Recently, the team of Professor zhangzhengguang of Nanjing Agricultural University published a research paper entitled”co evolved ascorbate oxides of plant and the blast fengus orchestrate host apoplast redox state to modular rice immunity” on the top journal”molecular plant” in the field of Botany.
Rice blast caused by Magnaporthe oryzae is a devastating disease of rice, known as”rice cancer”. In the face of the”attack” of Magnaporthe grisea, rice cells build their own defense fortress by accumulating a large amount of reactive oxygen species to resist the infection of the pathogen. As the first battlefield of the interaction between host plants and pathogens, the level of reactive oxygen species in apoplast space is strictly controlled by the plant redox system. As an important component of the extracellular redox system, the dynamic balance of extracellular ascorbic acid is precisely regulated by ascorbic acid oxidase, thereby maintaining the level of extracellular reactive oxygen species. It can be seen that the apoplast redox system plays an important role in controlling plant immunity, so as a”battlefield”, how do pathogens hijack the apoplast redox system to achieve infection?
This study found that Magnaporthe grisea entered the rice apoplast space through the secretion of monomer ascorbic acid oxidase moao1, manipulated the redox balance of rice apoplast, and then inhibited the burst of reactive oxygen species. Researchers also found that moao1 competitively combines ascorbic acid oxidase osao3 and osao4 in rice exosomes to form heterodimers, hindering the formation of their own homodimers of osao3 and osao4, thus inhibiting the oxidation ability of osao3 and osao4 against ascorbic acid, resulting in a highly reduced state in the apoplast space, inhibiting the accumulation of reactive oxygen species, and promoting bacterial infection.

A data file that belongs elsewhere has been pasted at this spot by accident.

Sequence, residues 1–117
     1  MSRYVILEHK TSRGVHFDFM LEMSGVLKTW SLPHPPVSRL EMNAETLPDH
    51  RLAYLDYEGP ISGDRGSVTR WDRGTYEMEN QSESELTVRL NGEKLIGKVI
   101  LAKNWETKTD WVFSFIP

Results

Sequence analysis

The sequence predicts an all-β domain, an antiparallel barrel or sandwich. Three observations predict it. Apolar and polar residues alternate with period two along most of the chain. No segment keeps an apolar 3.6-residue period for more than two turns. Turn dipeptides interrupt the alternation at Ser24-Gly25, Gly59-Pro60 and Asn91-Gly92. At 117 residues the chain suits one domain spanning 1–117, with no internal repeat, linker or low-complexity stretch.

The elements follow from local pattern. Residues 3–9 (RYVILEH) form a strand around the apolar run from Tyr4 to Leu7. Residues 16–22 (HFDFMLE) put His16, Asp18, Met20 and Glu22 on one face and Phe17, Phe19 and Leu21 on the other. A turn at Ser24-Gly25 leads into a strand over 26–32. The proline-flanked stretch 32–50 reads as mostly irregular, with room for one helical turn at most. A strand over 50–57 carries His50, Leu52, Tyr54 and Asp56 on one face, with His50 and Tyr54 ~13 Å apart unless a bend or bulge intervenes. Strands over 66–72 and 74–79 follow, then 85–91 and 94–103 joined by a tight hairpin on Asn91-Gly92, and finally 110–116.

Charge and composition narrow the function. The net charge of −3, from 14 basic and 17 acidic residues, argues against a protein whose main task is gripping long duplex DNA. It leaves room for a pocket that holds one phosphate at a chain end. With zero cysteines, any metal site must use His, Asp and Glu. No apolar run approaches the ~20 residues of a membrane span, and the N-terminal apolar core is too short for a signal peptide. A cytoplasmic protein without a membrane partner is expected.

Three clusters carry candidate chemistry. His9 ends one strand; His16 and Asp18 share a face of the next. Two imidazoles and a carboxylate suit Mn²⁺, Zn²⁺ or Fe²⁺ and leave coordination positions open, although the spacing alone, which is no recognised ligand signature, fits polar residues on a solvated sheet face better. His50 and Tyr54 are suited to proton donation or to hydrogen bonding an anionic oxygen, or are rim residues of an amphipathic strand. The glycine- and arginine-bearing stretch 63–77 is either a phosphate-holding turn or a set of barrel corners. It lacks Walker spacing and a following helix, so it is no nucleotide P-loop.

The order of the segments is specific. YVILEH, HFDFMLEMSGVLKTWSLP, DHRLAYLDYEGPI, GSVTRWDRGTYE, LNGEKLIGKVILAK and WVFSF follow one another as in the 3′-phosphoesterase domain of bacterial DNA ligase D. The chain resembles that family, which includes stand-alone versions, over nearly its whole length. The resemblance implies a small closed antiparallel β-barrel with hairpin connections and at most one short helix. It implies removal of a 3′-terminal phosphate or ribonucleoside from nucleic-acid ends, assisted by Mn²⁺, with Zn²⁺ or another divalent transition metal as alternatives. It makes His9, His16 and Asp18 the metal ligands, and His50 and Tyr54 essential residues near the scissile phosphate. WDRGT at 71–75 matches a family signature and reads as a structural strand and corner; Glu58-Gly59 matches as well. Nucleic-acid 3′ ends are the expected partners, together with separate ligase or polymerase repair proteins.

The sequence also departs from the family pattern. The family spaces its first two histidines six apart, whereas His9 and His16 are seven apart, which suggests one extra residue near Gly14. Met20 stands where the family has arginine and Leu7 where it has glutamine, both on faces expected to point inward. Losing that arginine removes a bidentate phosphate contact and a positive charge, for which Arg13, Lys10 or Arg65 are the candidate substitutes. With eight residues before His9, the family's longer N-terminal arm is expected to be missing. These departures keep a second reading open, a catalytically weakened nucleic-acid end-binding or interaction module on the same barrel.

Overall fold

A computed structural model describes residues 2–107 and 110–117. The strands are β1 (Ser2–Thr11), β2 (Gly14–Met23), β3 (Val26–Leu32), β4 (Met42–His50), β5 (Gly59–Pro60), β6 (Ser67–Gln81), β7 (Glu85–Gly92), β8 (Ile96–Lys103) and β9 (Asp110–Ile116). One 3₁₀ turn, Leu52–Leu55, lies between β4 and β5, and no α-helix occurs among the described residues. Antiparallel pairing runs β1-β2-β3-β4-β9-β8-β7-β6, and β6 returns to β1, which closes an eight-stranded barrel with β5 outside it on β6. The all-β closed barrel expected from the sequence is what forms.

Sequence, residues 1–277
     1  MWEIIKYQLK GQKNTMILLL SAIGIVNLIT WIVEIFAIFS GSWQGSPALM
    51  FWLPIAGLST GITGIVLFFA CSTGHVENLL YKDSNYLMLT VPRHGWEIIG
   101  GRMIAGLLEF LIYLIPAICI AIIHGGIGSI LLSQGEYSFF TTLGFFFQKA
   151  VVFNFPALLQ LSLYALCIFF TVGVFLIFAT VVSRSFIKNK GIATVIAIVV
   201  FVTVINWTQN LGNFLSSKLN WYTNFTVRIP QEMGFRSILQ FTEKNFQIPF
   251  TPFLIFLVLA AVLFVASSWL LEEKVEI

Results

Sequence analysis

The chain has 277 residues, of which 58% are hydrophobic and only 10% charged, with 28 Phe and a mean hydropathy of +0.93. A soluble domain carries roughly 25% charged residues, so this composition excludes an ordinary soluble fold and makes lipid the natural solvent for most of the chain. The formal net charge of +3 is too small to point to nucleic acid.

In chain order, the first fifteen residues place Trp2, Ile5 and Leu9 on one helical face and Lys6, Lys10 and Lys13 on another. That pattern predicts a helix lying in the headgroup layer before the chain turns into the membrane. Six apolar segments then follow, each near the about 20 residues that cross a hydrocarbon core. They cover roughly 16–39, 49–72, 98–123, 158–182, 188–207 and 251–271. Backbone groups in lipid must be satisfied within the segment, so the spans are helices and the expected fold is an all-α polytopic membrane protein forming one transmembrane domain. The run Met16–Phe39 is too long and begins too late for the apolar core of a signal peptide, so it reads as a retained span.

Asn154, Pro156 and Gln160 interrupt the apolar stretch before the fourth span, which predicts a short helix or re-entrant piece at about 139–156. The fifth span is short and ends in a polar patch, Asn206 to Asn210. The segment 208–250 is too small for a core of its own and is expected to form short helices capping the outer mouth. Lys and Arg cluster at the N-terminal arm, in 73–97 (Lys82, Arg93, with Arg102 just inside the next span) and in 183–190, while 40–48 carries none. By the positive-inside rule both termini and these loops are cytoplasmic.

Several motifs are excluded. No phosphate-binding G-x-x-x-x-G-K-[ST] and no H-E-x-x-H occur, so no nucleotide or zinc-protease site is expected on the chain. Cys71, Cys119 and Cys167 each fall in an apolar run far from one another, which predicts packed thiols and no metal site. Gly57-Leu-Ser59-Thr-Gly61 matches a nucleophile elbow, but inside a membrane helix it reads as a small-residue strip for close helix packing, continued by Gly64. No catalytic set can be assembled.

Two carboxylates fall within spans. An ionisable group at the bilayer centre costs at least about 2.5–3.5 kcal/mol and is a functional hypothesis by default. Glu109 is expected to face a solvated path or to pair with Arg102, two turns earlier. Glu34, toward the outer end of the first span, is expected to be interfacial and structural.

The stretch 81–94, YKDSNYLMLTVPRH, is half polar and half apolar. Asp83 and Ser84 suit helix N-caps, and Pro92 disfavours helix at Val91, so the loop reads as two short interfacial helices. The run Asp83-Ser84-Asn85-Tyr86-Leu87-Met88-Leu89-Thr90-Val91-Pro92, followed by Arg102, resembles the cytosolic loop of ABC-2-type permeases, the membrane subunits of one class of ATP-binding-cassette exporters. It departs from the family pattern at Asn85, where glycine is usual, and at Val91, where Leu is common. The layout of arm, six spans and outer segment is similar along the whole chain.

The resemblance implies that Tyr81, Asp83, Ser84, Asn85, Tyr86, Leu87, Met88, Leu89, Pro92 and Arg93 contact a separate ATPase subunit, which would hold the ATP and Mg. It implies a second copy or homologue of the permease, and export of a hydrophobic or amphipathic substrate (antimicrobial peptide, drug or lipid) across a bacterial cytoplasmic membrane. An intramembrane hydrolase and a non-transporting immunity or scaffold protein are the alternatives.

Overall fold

In order to cope with the”attack” of moao1 secreted by Magnaporthe grisea, rice osao3 and osao4 showed rich sequence polymorphisms in the coevolution process. Without affecting their own enzyme activities, they avoided the recognition of moao1, resulting in the inability of moao1 of the pathogen to form heterodimers with it, thus re establishing the apoplast redox homeostasis and maintaining the resistance of rice to Magnaporthe grisea. The research system revealed the specific mechanism of the coevolution and mutual adaptation of extracellular oxidoreductase in the interaction between Magnaporthe grisea and rice, and took the lead in analyzing the molecular mechanism of plant pathogens manipulating the host exosome redox balance system to monitor host immunity. The research results can be expected to provide genetic resources for disease resistance breeding and provide reference for the design of new fungicide targets based on the pathogenesis.
Hu Jiexiong, a doctoral student from the Plant Protection College of Nanjing Agricultural University, is the first author, and Professor Zhang Zhengguang is the corresponding author. Professor Zhang Haifeng, Associate Professor Liu Juju and associate professor Shen Danyu of Nanjing Agricultural University, Professor Ping Wang of Louisiana State University, Professor Bo Zhou of the International Rice Institute and researcher Zhou huanbin of the Plant Protection Institute of the Chinese Academy of Agricultural Sciences participated in the study. The research was supported by the innovative research group, key projects and general projects of the National Natural Science Foundation of China.
In recent years, with the support of national, provincial and ministerial projects, Professor Zhang Zhengguang’s research group has been committed to the study of the pathogenesis of Magnaporthe grisea, and has made a series of progress in the interaction between Magnaporthe grisea and rice. Relevant research results have been published in PNAS, eLife, autophagy, PLoS pathogens, PLoS Genetics, new Phytologist, mbio and other mainstream journals of pathogenic biology and plant pathology.